The Atlanta Falcons are a professional American football team based in Atlanta. The Falcons compete in the National Football League (NFL) as a member club of the league's National Football Conference (NFC) South division. The Falcons joined the NFL in 1965 as an expansion team, after the NFL offered then-owner Rankin Smith a franchise to keep him from joining the rival American Football League (AFL).
The Baltimore Ravens are a professional American football team based in Baltimore. The Ravens compete in the National Football League (NFL) as a member club of the American Football Conference (AFC) North division. The team plays its home games at M&T Bank Stadium and is headquartered in Owings Mills.
The Denver Broncos are a professional American football franchise based in Denver. The Broncos compete in the National Football League (NFL) as a member club of the league's American Football Conference (AFC) West division. The team began play in 1960 as a charter member of the American Football League (AFL) and joined the NFL as part of the merger in 1970. The Broncos are owned by the Pat Bowlen trust and currently play home games at Empower Field at Mile High. Prior to that, they played at Mile High Stadium from 1960 to 2000.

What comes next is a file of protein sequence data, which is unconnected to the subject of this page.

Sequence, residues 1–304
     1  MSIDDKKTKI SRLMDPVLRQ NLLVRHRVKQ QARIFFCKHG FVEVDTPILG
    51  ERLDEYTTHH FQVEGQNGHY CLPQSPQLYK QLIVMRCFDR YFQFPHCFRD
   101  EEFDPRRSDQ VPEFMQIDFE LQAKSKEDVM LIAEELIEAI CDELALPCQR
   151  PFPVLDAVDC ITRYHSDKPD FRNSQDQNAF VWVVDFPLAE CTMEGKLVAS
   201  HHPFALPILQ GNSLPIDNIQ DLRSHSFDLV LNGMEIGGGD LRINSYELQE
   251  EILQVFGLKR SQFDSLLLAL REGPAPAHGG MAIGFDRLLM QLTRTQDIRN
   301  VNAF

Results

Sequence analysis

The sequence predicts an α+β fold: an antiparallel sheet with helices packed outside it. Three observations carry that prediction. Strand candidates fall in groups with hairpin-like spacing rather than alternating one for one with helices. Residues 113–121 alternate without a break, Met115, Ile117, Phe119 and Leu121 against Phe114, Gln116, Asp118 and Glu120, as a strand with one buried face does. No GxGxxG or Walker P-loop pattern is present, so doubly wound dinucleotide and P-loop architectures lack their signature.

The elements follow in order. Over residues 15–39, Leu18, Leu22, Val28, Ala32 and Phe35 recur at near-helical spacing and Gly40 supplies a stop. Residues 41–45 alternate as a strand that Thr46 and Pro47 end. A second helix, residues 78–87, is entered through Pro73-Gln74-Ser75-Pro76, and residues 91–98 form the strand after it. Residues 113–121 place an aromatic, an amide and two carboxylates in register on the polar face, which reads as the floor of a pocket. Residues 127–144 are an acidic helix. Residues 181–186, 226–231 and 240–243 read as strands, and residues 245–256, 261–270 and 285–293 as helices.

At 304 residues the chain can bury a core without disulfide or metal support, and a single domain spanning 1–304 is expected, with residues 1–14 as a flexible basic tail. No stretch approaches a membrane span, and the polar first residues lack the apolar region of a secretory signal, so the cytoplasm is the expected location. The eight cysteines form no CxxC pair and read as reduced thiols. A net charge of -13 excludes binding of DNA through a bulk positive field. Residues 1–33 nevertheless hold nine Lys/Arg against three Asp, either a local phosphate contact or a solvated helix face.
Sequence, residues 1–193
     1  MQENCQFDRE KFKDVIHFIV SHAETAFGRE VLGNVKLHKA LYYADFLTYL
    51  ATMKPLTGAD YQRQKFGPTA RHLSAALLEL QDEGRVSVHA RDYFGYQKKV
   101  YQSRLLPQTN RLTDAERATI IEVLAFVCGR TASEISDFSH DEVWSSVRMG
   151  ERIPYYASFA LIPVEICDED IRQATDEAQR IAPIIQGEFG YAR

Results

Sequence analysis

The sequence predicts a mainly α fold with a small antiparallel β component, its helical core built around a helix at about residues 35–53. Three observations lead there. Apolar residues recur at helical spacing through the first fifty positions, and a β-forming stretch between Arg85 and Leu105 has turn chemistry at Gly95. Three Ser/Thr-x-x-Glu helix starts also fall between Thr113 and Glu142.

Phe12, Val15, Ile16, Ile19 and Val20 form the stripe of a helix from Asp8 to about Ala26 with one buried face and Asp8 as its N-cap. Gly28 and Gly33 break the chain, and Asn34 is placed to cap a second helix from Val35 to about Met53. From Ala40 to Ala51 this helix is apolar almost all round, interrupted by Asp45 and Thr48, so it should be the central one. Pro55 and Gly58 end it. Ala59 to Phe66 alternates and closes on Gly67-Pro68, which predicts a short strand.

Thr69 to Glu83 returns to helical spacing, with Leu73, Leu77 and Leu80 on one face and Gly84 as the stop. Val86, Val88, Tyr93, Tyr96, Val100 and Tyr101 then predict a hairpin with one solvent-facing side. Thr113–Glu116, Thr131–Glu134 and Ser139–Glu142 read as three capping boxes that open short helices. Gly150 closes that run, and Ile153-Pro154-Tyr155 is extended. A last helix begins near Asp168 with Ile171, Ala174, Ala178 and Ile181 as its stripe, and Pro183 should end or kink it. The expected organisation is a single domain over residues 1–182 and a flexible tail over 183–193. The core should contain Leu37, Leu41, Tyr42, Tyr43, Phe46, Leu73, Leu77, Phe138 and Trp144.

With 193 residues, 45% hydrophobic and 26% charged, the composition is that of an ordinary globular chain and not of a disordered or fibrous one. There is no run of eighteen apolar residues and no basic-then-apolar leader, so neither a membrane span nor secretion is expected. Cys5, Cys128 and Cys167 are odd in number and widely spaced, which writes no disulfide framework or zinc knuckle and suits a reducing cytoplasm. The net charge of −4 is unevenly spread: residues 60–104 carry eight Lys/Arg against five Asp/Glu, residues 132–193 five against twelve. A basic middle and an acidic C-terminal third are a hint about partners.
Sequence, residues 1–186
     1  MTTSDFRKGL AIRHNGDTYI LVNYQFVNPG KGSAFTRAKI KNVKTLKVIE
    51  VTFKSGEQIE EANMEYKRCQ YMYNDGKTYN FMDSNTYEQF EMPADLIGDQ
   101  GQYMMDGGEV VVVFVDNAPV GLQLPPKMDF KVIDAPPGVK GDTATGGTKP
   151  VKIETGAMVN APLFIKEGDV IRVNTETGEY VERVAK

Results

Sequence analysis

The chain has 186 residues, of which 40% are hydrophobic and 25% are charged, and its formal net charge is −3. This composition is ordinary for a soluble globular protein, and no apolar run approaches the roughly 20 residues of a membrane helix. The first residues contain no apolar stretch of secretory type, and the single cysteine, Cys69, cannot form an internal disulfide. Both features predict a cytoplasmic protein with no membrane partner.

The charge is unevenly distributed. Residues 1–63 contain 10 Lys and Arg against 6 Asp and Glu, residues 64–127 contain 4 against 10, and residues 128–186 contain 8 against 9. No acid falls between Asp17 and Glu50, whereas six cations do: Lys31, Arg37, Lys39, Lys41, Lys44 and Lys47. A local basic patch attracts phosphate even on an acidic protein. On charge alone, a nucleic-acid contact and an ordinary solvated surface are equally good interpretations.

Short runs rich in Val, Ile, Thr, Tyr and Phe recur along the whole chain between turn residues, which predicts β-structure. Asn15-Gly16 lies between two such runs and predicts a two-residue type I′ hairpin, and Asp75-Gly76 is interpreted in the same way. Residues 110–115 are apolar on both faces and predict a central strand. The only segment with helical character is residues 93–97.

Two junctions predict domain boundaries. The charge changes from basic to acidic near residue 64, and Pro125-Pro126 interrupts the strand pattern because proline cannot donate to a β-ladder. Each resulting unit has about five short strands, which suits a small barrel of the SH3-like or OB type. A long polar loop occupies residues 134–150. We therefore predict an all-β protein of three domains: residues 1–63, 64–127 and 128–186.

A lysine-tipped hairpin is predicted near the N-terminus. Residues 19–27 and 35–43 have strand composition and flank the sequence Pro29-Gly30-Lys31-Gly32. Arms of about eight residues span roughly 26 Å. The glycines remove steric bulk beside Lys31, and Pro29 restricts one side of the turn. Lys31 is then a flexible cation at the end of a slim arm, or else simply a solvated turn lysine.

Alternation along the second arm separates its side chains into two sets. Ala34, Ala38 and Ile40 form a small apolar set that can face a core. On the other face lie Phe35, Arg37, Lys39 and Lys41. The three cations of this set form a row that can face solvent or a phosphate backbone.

The New England Patriots are a professional American football team based in the Greater Boston area. The Patriots compete in the National Football League (NFL) as a member club of the league's American Football Conference (AFC) East division. The team plays its home games at Gillette Stadium in the town of Foxborough, Massachusetts, which is located 28 miles (45 km) southwest of Boston, Massachusetts. The Patriots are also headquartered at Gillette Stadium.